A Longitudinal Study to Identify IBS Phenotypes Using Fecal Microbiota and Hydrogen Breath Testing

A Longitudinal Study to Identify IBS Phenotypes Using Fecal Microbiota and Hydrogen Breath Testing



Sponsors


Source

University of Michigan

Oversight Info

Has Dmc

No

Is Fda Regulated Drug

Yes

Is Fda Regulated Device

No

Is Us Export

Yes


Brief Summary

Diarrhea-predominant irritable bowel syndrome (IBS-D) is a highly prevalent but poorly
understood condition with limited treatment options. Current therapies, including a
nonabsorbable antibiotic rifaximin or diet low in fermentable oligosaccharides,
disaccharides, monosaccharides, and polyols (FODMAP), show efficacy in 50% or less of
patients. In this proposal, we will randomize IBS-D patients to receive either rifaximin or
low FODMAP dietary intervention.

Detailed Description

Diarrhea-predominant irritable bowel syndrome (IBS-D) is a highly prevalent but poorly
understood condition with limited treatment options. Recent evidence has established small
intestinal bacterial overgrowth (SIBO) and alterations in fecal microbiota as potential
etiologies in the pathogenesis of IBS-D. Current therapies, including a nonabsorbable
antibiotic rifaximin or diet low in fermentable oligosaccharides, disaccharides,
monosaccharides, and polyols (FODMAP), show efficacy in 50% or less of patients [1-4]. It has
been postulated that limited responses to therapies may stem from failure to identify
distinct subgroups in IBS-D stratified by gut microbial profiles. In this proposal, we will
randomize IBS-D patients to receive either rifaximin or low FODMAP dietary intervention. We
will then longitudinally follow the results of fecal microbiota-derived data as well as
hydrogen breath tests to define SIBO. We will use these methods to test the hypotheses that:
(i) distinct IBS-D phenotypes can be generated by defining fecal microbial populations as
well as delineating the presence or absence of SIBO; and (ii) longitudinal analyses using
microbe-derived metrics and SIBO status may relate to response to treatment with rifaximin or
low FODMAP dietary intervention.

Overall Status

Not yet recruiting

Start Date

2017-08-01

Completion Date

2020-02-01

Primary Completion Date

2020-02-01

Phase

Phase 4

Study Type

Interventional

Primary Outcome

Measure

Time Frame

Improvement in Mean Daily Pain and/or Bloating
4 weeks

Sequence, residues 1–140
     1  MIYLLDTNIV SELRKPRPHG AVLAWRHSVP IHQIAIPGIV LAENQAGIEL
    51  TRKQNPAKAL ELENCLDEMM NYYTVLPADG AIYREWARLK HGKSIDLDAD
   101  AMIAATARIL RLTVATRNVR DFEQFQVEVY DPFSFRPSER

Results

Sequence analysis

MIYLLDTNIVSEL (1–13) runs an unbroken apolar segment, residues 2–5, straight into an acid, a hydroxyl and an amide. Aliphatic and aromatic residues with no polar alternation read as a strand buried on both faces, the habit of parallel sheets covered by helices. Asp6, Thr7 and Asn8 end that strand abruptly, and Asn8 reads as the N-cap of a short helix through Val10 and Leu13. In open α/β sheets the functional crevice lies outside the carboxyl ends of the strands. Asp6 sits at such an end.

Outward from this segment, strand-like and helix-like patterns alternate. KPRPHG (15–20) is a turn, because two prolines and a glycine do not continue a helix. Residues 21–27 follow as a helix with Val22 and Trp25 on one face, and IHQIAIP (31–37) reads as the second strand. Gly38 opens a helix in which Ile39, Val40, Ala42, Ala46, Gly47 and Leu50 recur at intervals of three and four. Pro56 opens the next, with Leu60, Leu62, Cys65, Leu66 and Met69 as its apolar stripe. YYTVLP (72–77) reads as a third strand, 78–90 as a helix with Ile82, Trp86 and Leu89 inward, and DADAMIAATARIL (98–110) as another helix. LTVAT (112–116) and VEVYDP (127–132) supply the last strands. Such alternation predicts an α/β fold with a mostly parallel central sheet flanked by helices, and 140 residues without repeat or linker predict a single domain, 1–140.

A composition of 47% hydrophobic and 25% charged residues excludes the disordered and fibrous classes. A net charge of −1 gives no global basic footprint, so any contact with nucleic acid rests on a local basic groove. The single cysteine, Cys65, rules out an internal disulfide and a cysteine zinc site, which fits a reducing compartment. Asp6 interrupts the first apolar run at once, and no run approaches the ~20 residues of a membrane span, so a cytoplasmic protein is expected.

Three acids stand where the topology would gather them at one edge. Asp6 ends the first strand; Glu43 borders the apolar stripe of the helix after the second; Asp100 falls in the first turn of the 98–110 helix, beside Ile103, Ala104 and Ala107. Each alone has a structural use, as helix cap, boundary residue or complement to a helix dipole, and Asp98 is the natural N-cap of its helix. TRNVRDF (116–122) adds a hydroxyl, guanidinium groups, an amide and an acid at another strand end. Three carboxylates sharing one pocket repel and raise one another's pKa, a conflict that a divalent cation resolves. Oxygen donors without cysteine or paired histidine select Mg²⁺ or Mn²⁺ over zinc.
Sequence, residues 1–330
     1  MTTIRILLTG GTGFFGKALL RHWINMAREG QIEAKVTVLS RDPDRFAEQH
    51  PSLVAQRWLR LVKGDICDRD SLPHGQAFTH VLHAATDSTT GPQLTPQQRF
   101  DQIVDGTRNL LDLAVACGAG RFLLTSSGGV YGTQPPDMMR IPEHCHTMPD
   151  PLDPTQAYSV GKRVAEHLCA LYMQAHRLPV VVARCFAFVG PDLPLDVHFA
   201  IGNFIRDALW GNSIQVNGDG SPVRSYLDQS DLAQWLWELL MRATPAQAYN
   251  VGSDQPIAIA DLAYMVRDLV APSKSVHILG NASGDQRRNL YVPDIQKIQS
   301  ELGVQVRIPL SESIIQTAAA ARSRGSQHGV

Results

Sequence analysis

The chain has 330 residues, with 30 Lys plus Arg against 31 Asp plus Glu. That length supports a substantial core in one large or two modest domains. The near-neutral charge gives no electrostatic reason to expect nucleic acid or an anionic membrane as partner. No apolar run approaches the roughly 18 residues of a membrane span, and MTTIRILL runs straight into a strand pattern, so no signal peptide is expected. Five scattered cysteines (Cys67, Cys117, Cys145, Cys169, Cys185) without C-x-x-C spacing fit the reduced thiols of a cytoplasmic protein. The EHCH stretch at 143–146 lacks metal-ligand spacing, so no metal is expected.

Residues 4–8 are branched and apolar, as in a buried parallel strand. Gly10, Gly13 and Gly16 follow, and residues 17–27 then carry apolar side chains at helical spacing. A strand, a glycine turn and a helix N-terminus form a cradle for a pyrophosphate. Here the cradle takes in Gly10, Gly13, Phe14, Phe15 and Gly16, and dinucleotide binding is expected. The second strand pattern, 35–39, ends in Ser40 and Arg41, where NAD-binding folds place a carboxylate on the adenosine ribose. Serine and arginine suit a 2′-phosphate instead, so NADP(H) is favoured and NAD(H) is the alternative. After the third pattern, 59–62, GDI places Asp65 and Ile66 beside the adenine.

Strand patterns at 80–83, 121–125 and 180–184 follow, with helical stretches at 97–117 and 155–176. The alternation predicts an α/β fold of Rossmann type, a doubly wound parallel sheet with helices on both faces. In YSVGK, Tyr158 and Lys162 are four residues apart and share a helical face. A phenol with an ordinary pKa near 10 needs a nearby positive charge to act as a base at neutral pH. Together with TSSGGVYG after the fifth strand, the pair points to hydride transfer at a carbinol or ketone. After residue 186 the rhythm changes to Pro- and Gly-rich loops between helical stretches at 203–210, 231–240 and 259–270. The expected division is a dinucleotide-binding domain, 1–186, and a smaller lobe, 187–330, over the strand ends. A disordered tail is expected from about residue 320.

Secondary Outcome

Measure

Time Frame

IBS Symptom Severity Scale
4 weeks

Enrollment

42

Condition


Intervention

Intervention Type

Drug

Intervention Name


Description

Rifaximin 550 mg three times daily for 14 days

Arm Group Label

Rifaximin


Intervention Type

Other

Intervention Name


Description

Low FODMAP dietary intervention for 4 weeks

Arm Group Label

Low FODMAP Group



Eligibility

Criteria

Inclusion Criteria:

- Adult subjects > or = 18 years of age who meet Rome IV criteria for IBS-D

- Prior colonoscopy or sigmoidoscopy within the past 2 years with random colon biopsies
to exclude the presence of microscopic colitis

Exclusion Criteria:

- Underlying celiac disease, inflammatory bowel disease, or other organic disease that
could explain their symptoms.

- Subjects with a history of GI tract surgery, except for appendectomy, will also be
excluded from the study.

- Antibiotics taken within 3 months prior to enrollment will not be permitted.

- Subjects on probiotics must discontinue their use at least 1 month prior to
enrollment.

- Subjects who have previously received formal dietary education for IBS, including a
low FODMAP diet, or previously received antibiotics, including rifaximin, for
treatment of IBS-D or SIBO will be excluded from the study.

Gender

All

Minimum Age

18 Years

Maximum Age

N/A

Healthy Volunteers

No


Overall Official

Last Name

Role

Affiliation

Allen Lee, MD
Principal Investigator
University of Michigan

Overall Contact

Last Name

Allen Lee, MD

Phone

(734) 936-9454

Email



Verification Date

2017-07-01

Lastchanged Date

2017-07-13

Firstreceived Date